You’re probably familiar with the idea of the human body’s “internal clock.” It serves an important purpose when it comes to our sleeping and eating habits. You may not know, however, that modern science has expanded upon this concept.
It’s now understood that the body is actually full of little “clocks,” located within every cell and every organ. These clocks follow different rhythms because various systems in the body are designed to perform specific tasks at specific times. In the same breathe, they all work in sync with the body’s master clock.
You might be wondering why this should matter to you, yeah? Doesn’t all this happen pretty automatically… kind of like breathing? Well, not exactly. Scientists are coming to understand that when these internal clocks fall out of sync, our health and well-being are deeply impacted. And as it turns out, we humans are really good at overriding our natural rhythms and throwing our bodies out of whack.
Live by the Clock – The Circadian Rhythm
The body’s “master clock” (Circadian Rhythm) takes its cues from daylight and darkness. It determines our sleep-wake cycles. When everything is functioning as it should, The circadian rhythm maintains a complex balance of hormones in the body.
In an ideal world, our master clocks would always work together harmoniously with the natural rhythms of our bodies. Sadly, it’s not very hard to throw off your internal clock — in fact, today’s fast-paced world practically requires it.
One incredibly common way to override your circadian rhythm is with not getting enough sleep. This is a problem that affects nearly half of the U.S. population. Sleep deprivation disrupts the body’s hormones, including those related to stress and hunger. This typically causes cravings for unhealthy starchy and sugary foods. In cases of prolonged sleep deprivation, it can lead to weight gain!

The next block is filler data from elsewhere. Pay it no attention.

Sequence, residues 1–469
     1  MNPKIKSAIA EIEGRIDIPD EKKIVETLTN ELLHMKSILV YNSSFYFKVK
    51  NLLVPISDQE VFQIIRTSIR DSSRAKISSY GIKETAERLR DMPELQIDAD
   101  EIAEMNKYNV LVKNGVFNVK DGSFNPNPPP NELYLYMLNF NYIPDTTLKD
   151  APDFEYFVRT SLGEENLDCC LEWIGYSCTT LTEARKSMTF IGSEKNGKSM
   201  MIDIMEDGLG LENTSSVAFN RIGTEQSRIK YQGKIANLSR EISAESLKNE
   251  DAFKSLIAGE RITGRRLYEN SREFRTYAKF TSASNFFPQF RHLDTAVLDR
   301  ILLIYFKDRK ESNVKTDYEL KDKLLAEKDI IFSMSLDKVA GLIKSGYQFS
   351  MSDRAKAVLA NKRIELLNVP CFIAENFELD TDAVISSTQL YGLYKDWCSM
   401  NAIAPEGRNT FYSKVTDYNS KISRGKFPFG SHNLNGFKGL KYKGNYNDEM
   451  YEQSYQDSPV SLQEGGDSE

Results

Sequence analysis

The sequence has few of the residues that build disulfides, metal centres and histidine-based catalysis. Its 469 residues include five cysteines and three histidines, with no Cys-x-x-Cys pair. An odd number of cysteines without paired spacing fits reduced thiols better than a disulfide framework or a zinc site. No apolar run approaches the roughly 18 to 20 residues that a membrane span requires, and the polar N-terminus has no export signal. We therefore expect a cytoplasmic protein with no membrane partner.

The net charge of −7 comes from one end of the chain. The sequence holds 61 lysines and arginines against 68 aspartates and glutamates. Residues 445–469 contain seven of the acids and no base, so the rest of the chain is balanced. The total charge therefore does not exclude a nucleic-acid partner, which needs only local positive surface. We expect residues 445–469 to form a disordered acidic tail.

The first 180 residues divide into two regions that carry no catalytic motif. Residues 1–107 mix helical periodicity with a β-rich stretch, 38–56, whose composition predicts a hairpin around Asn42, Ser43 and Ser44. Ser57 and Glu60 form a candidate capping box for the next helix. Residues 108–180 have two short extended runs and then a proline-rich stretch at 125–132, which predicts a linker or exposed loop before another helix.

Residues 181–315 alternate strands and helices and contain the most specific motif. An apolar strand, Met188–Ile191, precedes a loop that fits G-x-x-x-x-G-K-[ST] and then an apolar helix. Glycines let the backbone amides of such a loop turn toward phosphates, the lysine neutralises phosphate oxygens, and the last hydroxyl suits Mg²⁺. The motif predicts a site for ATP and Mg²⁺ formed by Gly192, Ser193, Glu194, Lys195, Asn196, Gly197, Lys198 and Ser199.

Another common way we toy with our internal clocks? Not eating on a consistent schedule. This includes:
consuming the majority of your daily calories at night
Learn more about the circadian rhythm and how Tranquility Labs’ own, Sleep Fast can help you get your master clock back on schedule:
More Sleep = Less Unwanted Pounds, More Energy, Better Health
Like sleep deprivation, these bad eating habits disrupt important hormones and processes in the body. According to Northwestern University circadian rhythm scientist Fred Turek, in the instance of eating late at night, “the clock in the brain is sending signals saying: Do not eat, do not eat!,” but you eat anyway…
When we disrupt the one system’s clock, elsewhere in the body, organs such as the pancreas must perform certain functions at times that don’t align with natural rhythms. If this happens over an extended period of time, the conflicting cues cause the body’s various clocks fall out of sync.
Ultimately, the hormonal disruptions and imbalances may lead to health problems ranging from mild to severe. These include:
and Type II diabetes (which, contrary to popular belief, does develop in those who are not overweight).
Our body’s circadian rhythm is far more likely to be in sync if you are able to sleep and eat on a consistent schedule. The benefits of maintaining this balance include:
more energy during the day
greater ability to focus
healthier eating habits
stronger immune system
Recognize the Need for Balance
In an ideal world, it wouldn’t be difficult to keep your body’s rhythms synchronized for optimal health and well-being. But the reality, as we know, isn’t so simple.
Sometimes life just gets in the way. For instance, parents enduring months of sleepless nights with a new baby, or the millions of Americans doing shift work with constantly-changing schedules and late-night hours. Compounding the problem, the structure of our society makes it hard for the average person to prioritize his or her health. However, we are seeing signs of change!
Health and wellness matters (including mental/emotional health) are steadily receiving more attention, than ever. Individuals have become more concerned with what they feed themselves and their families, which seems to be generating a decline in processed food sales. Employers are starting to pay attention to studies showing that vacation time, daily lunch breaks, and paid sick time (among other “benefits”) are essential to the health and productivity of the workforce. Even some schools are adjusting their start times to better fit with the internal clocks of young people, which differ from the rhythm of the adult body.
These are all steps in the right direction. We may still have a long way to go, but with continued research and growing public awareness of these issues, there is hope for the future!
Perhaps one day, shifting attitudes will allow our society to prioritize physical and mental health – recognizing the needs of all its citizens.